A Democratic crowd in the gallery pelted the Republican leadership with jeers of "Nazis" as the Senate adjourned quickly to deny boycotting senators a chance to re-enter the Senate triumphantly while it was in session.
The other 10 boycotting Democrats walked into the Senate chamber at 12:07 p.m. A ring of television cameras and boom microphones surrounded them. The gallery crowd cheered wildly.
"Thank you, Texas!" Sen. Leticia Van de Putte, D-San Antonio, shouted back to the crowd.
Van de Putte, chairwoman of the Senate Democratic Caucus, said the boycott was about more than partisan politics. She said the Democrats wanted to make certain the Republicans did not stifle the voices of rural Texans and minorities with redistricting plans harmful to their interests.
Sen. Mario Gallegos made fun of the Republicans for adjourning so quickly.
"If they were so eager for us to come back to work, where are they?" said Gallegos, D-Houston. "If they were so eager for us to make a quorum and make the issues on the floor, where are they?"
At the center of the storm is Republican Texas Speaker Tom Craddick who, with Tom DeLay, was a conspirator in the craven illegal abuse of the federal Department of Homeland Security just to shore up Craddick's petty fiefdom in Midland, West Texas.
Darleen's $5.7 billion surprise. Darleen Druyun, an Air Force acquisitions officer, apparently notified Boeing that a competitor had underbid them by several billion dollars.
She's no longer with the Air Force. Guess where she works now...
[Forbes/Reuters:] Boeing Co. rejected published reports on Friday that it might have obtained rival bidder Airbus SAS's proprietary information en route to a proposed $22.5 billion refueling tanker lease-purchase agreement with the U.S. Air Force.
Darleen Druyun, hired by Boeing after leaving her job as a top Air Force acquisition official last year, told the Chicago-based company "several times" that Airbus's price was $5 million to $17 million less than Boeing's, an internal Boeing e-mail published on Friday said.
The lease of 100 tankers based on the Boeing 767 would cost as much as $5.7 billion more than an outright purchase, the U.S. Congressional Budget Office said in an Aug. 26 report.
HOUSTON -- Halliburton Corp.'s (HAL) U.S. government contracts to restore Iraqi oil production and provide support services to troops will cost taxpayers an estimated $2 billion and are expected to rise further, Army spokesmen said Wednesday.
An Army Corps of Engineers contract to rehabilitate the country's oil fields is now valued at $948 million, more than $200 million above the level projected last month. Halliburton's Army Field Support Command contract is now estimated to cost $1 billion in Iraq alone, up more than $400 million from the level in late May.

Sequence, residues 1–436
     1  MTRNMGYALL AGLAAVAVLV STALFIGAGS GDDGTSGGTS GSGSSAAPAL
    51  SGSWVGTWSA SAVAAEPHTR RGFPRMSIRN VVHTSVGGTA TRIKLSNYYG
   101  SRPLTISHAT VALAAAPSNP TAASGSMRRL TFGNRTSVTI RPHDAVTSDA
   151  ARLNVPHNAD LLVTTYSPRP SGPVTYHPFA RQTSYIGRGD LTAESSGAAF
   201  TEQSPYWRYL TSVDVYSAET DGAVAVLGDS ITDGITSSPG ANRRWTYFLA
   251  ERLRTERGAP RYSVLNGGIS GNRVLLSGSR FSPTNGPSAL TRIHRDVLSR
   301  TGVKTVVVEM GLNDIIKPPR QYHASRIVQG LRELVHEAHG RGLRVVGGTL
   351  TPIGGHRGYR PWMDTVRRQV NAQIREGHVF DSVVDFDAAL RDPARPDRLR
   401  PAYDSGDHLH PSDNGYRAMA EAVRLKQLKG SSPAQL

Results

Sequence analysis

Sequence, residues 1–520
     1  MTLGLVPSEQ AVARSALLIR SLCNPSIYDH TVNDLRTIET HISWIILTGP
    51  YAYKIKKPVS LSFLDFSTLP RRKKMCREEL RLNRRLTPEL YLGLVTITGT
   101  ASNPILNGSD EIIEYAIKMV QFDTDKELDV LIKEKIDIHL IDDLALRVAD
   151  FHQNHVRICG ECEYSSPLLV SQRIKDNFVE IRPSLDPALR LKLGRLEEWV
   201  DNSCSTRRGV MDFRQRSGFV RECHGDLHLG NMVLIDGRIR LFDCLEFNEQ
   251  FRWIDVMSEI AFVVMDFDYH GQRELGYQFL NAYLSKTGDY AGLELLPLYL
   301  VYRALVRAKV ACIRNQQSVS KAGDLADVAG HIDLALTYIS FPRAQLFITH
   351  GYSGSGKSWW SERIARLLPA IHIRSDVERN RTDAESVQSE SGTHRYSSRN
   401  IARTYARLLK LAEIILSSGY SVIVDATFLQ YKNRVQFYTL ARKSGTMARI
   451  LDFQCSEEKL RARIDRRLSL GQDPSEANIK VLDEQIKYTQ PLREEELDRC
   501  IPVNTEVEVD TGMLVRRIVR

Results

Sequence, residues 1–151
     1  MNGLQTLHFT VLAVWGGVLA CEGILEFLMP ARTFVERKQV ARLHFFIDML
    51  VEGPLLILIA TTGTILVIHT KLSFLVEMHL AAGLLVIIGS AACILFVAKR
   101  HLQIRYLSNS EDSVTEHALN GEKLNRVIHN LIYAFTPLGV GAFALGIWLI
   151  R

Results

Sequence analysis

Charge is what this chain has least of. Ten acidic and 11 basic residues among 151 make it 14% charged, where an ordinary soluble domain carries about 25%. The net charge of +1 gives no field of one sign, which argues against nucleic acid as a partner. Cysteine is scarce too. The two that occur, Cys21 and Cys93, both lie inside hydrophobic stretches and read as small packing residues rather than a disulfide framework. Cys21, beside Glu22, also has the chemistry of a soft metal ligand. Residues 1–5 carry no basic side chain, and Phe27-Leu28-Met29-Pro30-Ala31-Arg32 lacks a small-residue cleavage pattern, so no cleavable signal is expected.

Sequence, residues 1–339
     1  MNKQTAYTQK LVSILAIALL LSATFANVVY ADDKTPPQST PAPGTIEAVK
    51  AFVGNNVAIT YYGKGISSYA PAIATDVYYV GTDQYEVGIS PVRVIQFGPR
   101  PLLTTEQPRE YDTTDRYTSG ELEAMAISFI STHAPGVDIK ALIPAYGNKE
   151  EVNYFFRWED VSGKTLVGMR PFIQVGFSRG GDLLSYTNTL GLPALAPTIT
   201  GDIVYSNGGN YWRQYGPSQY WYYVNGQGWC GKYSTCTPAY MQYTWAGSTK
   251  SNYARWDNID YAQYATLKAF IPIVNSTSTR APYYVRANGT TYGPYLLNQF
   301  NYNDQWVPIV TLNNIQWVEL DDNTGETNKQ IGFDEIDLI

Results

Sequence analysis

Although only a small fraction of the value of the contracts will end up as Halliburton profits, the higher price tag could pose political challenges for the Bush administration because Vice President Dick Cheney was previously the company's chief executive.
As with the cost of the overall U.S. effort in Iraq, the Halliburton contracts have escalated in value as Iraqi infrastructure continues to be plagued by looting and sabotage.
Halliburton reported $292 million in Iraq-related revenues for the quarter ended June 30. Analysts said the Iraq work added two or three cents per share. Halliburton reported second-quarter net income of $26 million, or 6 cents a share, compared with a net loss of $498 million, or $1.15 a share, in the same period the year before.
A Halliburton spokeswoman said the company wouldn't comment on the future earnings impact of its Iraq-related work.
What a difference an invasion makes: a net loss of $498 million versus a quarterly profit of $26 million. That's over a half billion dollar swing to the plus side for Halliburton in a single quarter, comparing 2003 to 2002. And it's in the exact opposite direction of the swing our federal budget has taken from the plus to the minus column. Coincidence, or chicanery?
Did you catch that other detail? Looting and sabotage increase the value of the Halliburton contracts.
Now we know why there's so much chaos in Iraq since the invasion — it's so fucking profitable.
The September 11, 2001, attacks drew immediate attention to the key role of our "first responders" -- the police, firefighters and emergency medical teams who are the first on any crisis scene.
Subsequently, the nation's attention has also focused on the deficiencies in information sharing within our federal government, notably the FBI, CIA and other intelligence community agencies.
These two crucial elements of homeland security are inextricably linked, because information about an attack that reaches the front lines of local authorities could potentially reduce its impact if not stop it entirely.
In the two years since the September 11 attacks, the focus on first responders has increased awareness that federal money isn't reaching them where it is needed. But while much of the discussion has focused simplistically on calls for ever-higher spending, an even greater problem is that information gathered by counterterrorism experts at significant taxpayer expense is ignored in the disbursement process.